Hi guys,

Just thought id let you know that i have uploaded a project to
ticalc.org today. It is a 3D engine for the TI-83+ series calculators.

The program is a 3D model viewer that enables the user to view and
interact with a 3D model in real-time. Note that it renders
flat pattern-shaded polygons. Also included is a utility to convert
Wavefront OBJ models to .8xp programs for use with this

It is written in z80 assembly and a 15MHz calculator is recommended.

Also a note that this is a calculator 3D engine, so please dont expect
performance to be awesome or anything. I dont think you are going to
see Halo on your calculator anytime soon with this engine, its more
just for the novelty of it all Smile.

It is in beta testing so there could be problems. Please report any bugs
if you find any.

Ill update the link when ticalc.org processes it. In the meantime here is a link: http://www.tr1p1ea.net/files/downloads/sfview.zip

Also here are some screenies.

Id appreciate feedback if anyone has some.

Looking nice !

Also, funny coincidence : I was just about to release my SolidWorks-like program Razz

Mine has on-calc editable models, but is wired, so no surfaces, but it works nice on 6 MHz calcs. I'll post it later anyway Smile
I tested this out a few days ago, before it had the nice UI, and I was quite impressed! I'd love to see some greyscale on it!
did you make the models yourself?
This is beautiful work, tr1p1ea. Are you planning to create an on-calculator editor of any sort, or is that outside the scope of the project. We also would welcome this in the Cemetech archives, should you feel like adding it once a completed version is available. Can you tell us more about the math behind it, especially any sort of tricks or deviations from standard 3D math you had to implement to make things work and/or work at a decent speed?
This looks really nice, tr1p1ea. I like how I can rotate the models relatively quickly, although the screenshots are a little faster than my 84 Plus SE. Do you see this expanding to multiple models at once?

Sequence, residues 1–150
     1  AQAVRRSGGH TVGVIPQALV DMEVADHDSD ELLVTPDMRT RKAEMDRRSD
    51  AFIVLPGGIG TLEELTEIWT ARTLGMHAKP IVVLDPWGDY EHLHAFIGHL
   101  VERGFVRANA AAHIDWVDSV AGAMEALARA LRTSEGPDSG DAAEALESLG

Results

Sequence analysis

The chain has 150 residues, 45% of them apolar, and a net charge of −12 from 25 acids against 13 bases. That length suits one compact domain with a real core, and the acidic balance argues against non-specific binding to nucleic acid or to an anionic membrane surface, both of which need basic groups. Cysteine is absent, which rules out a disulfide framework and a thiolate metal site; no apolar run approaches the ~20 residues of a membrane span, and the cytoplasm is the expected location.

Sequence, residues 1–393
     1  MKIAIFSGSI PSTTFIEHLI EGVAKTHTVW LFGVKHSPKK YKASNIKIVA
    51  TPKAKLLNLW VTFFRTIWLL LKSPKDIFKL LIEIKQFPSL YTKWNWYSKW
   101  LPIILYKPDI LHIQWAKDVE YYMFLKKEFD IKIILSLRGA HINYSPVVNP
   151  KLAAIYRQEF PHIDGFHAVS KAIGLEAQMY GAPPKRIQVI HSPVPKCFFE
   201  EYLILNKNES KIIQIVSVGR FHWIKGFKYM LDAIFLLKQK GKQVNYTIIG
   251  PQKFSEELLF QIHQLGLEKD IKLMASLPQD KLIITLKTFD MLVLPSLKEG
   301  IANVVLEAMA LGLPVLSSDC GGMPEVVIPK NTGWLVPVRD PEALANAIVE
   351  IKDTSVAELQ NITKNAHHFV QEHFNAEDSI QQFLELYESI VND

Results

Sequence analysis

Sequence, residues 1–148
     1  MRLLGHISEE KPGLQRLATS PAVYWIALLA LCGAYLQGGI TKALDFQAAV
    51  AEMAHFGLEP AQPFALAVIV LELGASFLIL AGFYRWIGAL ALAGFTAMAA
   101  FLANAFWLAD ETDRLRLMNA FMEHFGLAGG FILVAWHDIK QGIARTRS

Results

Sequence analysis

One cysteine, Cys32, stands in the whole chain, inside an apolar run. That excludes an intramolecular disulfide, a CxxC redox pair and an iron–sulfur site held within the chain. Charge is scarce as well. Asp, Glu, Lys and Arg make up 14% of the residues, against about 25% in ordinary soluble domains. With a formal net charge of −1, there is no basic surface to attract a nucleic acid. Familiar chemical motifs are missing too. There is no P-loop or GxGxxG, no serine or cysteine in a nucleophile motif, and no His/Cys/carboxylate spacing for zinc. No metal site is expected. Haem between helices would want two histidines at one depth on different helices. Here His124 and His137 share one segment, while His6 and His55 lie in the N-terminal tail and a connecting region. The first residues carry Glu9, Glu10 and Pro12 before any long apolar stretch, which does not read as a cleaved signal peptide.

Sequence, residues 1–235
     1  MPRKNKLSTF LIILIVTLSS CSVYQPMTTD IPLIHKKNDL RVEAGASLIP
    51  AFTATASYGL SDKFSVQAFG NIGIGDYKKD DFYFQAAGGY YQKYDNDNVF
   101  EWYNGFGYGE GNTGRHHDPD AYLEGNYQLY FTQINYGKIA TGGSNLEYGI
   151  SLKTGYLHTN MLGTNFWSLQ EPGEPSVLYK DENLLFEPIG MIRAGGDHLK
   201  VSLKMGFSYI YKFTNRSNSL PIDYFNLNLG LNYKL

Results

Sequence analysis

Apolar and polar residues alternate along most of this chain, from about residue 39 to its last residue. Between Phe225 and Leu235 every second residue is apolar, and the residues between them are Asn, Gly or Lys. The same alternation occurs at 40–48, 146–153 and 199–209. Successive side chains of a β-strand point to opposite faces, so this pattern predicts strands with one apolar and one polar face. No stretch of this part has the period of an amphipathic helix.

I'm really impressed. Nice work! Smile
It looks quite skilled, good work, tr1p1ea!
Thanks for the kind words Smile. Kerm ill be happy to upload into Cemetech's archives once it reaches an acceptable state Smile.

An on-calc modeller does sound interesting, it will depend on whether i can find the time to try out a few ideas i guess.

flyingfisch: Yeah i made them myself in Blender. I have included a rough utility to convert 3D models in Wavefront OBJ format for use with this project. There are some limitations for models which can be found in the readme. If anyone needs help, feel free to drop me a line. I will probably release a small tutorial on creating a 3D model from scratch and converting it etc.

As far as 3D math goes, well i have a lot of unrolling and taken a lot of shortcuts and such for speed. The model viewed is actually contained within a 16-bit world (a byproduct of my engine testing), which allows the user to zoom in and out by a large margin (im not sure that this is useful). If i rolled it back to an 8-bit world then there may be a speed increase.

One of the tricks i did use during perspective projection is multiplication by a reciprocal to avoid a division. Since the vertex coordinates passed to the projection routines are 16-bits, i have a routine that will scale x/y/z until z is within 8-bits (and subsequently scale x/y by the same factor as well) - for which i use a LUT to grab the appropriate [scaled] reciprocal for (1/z).